DNA may have identified another innocent man convicted and sentenced to Texas death row, says a Houston Chronicle editorial ("Room for Doubt," Jan. 23), but he'll die on Tuesday unless Governor Perry stays the execution:
Larry Ray Swearingen has lived on Texas death row for eight years, convicted of the rape-murder of a Montgomery County coed in 1998. He is scheduled for execution by lethal injection in Huntsville next Tuesday, despite the fact that a growing body of evidence indicates he could not have strangled 19-year-old Melissa Trotter and dumped her body in Sam Houston National Forest. ...
While plenty of circumstantial evidence indicated Swearingen, a convicted rapist, was a logical suspect, forensic facts not presented at his trial point elsewhere. Trotter’s body was discovered 10 years ago on Jan. 2, nearly a month after her disappearance from the Montgomery College campus in Conroe.
However, Swearingen was jailed on traffic warrants three days after the woman went missing. Although prosecutors theorized that Trotter was killed and her body dumped in the forest the day of her disappearance, the corpse was amazingly well preserved when discovered. Six physicians and forensic scientists who reviewed the evidence concluded that the victim died well after Swearingen’s arrest.
Former Harris County Chief Medical Examiner Joye Carter, who testified against Swearingen in his trial, reexamined the physical evidence and has concluded that Trotter’s death occurred at least a week after Swearingen was taken into custody.
One expert, using a technique familiar to viewers of the CSI TV series, confirmed that finding by dating the development of insect larvae in the victim’s body.
Other exculpatory evidence included blood samples found under Trotter’s fingernails and a pubic hair recovered from a vaginal swab that came from someone other than Swearingen. ...
Dr. Glenn Larkin, a retired forensic pathologist who reviewed the case, told Texas Monthly that “no rational and intellectually honest person can look at the evidence and conclude Larry Swearingen is guilty of this horrible crime.”
According to the Austin Statesman's coverage, the Court of Criminal Appeals threw out the claim without ruling on the merits of the new forensics:
Thus far, only the Texas Court of Criminal Appeals has seen the opinions from the four forensic pathologists.
The state's highest criminal court, however, did not rule or comment on the information. Instead, the court dismissed Swearingen's petition for violating state laws that limit death row inmates to one petition for a writ of habeas corpus unless lawyers uncover information that was not available when the first appeal was filed.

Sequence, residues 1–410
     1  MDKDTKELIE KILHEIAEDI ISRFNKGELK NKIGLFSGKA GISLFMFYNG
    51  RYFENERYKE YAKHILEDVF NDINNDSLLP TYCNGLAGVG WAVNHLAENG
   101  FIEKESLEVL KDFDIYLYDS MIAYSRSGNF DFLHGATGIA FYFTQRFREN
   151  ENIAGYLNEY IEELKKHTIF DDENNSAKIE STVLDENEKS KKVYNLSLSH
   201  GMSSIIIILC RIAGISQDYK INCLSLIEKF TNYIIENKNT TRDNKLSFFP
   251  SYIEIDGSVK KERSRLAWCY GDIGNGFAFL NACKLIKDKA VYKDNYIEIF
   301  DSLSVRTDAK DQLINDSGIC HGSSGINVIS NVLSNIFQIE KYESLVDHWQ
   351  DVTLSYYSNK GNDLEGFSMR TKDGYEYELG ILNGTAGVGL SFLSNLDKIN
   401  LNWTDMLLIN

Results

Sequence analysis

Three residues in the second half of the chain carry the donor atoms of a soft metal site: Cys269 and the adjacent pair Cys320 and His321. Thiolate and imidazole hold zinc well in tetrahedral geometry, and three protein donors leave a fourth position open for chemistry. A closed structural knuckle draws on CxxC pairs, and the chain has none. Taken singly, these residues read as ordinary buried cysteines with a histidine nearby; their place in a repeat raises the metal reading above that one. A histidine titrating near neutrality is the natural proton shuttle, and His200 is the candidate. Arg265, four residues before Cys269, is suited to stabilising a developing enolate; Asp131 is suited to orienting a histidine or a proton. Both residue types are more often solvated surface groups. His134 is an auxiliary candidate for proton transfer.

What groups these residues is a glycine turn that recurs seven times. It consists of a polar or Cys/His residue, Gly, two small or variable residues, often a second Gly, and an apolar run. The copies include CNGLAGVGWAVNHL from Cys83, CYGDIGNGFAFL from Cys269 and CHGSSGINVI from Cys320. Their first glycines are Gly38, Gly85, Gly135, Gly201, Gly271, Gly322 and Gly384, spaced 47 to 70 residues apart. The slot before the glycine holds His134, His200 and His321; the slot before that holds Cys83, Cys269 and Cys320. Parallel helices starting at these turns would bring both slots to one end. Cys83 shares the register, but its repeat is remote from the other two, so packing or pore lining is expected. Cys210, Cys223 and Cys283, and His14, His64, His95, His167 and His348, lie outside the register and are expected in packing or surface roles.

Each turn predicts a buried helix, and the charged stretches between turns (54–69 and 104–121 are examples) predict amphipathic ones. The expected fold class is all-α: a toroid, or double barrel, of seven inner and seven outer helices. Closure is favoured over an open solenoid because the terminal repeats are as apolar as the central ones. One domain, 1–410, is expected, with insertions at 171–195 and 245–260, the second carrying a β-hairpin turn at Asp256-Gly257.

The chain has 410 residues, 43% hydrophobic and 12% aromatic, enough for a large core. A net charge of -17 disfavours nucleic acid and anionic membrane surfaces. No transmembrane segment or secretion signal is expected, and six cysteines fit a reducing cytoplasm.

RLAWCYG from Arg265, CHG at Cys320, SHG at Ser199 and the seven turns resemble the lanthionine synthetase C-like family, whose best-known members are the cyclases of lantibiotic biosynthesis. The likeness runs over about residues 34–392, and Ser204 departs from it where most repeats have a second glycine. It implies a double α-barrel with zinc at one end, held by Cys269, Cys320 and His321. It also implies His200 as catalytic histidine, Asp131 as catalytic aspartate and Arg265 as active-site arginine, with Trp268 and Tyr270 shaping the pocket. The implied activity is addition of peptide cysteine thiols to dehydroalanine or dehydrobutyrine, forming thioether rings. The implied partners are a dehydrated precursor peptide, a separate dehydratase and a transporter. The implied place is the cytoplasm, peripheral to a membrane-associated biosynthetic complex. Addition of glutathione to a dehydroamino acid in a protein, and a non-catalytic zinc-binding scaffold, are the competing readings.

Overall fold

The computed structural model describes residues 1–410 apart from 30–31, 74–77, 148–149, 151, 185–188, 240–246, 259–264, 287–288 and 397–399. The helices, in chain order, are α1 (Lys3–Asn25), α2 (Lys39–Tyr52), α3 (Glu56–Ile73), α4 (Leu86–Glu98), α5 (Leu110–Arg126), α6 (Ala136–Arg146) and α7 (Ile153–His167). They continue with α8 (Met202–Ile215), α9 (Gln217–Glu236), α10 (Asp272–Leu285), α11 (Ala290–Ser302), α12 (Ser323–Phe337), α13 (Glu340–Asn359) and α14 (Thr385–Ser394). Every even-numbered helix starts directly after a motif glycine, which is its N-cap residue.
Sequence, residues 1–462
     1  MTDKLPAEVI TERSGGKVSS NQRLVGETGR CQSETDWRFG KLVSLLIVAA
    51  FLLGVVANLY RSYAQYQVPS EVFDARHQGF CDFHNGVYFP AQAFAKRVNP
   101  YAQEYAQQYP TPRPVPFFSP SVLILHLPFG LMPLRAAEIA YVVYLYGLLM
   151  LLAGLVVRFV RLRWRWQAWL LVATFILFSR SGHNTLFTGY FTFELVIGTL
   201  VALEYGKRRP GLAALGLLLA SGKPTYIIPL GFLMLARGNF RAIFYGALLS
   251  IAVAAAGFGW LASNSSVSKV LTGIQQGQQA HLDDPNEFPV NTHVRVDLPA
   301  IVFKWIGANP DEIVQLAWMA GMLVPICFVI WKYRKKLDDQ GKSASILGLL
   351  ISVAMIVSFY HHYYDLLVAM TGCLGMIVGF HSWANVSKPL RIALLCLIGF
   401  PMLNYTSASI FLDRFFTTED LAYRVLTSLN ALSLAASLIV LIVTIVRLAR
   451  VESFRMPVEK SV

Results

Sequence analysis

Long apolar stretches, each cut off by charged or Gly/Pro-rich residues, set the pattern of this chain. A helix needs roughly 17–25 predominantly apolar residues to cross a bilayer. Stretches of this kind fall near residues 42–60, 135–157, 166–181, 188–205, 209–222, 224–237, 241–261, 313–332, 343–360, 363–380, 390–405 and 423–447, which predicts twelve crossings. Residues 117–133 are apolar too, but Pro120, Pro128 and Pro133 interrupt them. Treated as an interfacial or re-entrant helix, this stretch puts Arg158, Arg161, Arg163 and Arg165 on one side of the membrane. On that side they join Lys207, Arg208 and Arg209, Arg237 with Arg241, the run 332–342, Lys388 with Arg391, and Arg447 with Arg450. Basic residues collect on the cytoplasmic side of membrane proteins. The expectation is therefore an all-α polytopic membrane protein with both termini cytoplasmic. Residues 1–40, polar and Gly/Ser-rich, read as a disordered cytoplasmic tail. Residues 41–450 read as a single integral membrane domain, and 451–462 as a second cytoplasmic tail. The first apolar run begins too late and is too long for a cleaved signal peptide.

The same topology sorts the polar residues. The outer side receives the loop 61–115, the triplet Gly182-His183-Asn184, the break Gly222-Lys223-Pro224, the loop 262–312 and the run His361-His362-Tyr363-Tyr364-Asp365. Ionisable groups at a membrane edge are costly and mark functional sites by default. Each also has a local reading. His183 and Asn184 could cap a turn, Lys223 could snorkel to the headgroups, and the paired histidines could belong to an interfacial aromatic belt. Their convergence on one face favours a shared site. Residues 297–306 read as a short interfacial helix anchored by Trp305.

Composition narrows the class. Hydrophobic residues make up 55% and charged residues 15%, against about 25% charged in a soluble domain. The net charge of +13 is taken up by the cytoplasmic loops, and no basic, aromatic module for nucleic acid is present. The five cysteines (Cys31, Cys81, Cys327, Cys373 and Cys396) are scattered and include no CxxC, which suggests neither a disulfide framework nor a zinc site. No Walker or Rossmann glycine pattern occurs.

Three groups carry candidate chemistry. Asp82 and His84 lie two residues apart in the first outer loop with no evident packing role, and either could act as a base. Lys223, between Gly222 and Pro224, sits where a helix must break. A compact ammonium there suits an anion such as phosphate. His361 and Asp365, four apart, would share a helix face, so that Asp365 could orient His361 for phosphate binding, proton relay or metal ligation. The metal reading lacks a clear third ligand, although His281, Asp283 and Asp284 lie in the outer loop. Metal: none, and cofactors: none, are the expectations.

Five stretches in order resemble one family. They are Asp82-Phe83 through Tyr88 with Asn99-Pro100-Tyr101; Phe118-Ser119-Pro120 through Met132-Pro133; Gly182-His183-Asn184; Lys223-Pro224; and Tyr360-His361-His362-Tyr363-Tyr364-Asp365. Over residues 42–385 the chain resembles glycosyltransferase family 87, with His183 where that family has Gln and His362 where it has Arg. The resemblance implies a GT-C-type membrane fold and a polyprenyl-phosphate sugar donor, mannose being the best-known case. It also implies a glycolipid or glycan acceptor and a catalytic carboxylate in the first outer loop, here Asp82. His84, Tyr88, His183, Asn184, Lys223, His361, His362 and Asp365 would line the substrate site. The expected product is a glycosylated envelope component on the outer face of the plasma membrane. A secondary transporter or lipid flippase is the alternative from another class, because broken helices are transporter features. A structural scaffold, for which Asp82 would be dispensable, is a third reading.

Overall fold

The appeals court has yet to rule on a stay of execution motion that repeats the forensic conclusions.
The opinions from the forensic pathologists also were included in a plea to Gov. Rick Perry to issue a 30-day execution reprieve.
Swearingen also has two federal petitions pending based on the forensic information. He is asking the 5th U.S. Circuit Court of Appeals for permission to bring the findings to a U.S. District Court for review, and he is asking the U.S. Supreme Court to review the case.
Texas Attorney General Greg Abbott has opposed both requests, saying Swearingen has not met federal requirements to pursue an innocence claim and is, in fact, not innocent.
In such instances, I'm hard pressed to understand why prosecutors or the AG are so gung ho dismiss a viable actual innocence claim without vetting it thoroughly. After all, if Larry Swearingen didn't do it, that means the real killer is still out there.
It's similarly hard to see how the Court of Criminal Appeals members could sustain this conviction, ignoring on a legal technicality the recantation of the state's own forensics expert. Certainly that should meet the standard that "no reasonable jury" could have convicted Swearingen, knowing then what we know now.
Nationwide, about 2.3% of capital convictions are later overturned because the defendant was actually innocent, found a recent study out of Michigan State. The Court of Criminal Appeals' conduct in this case makes you wonder how many more were innocent but executed anyway.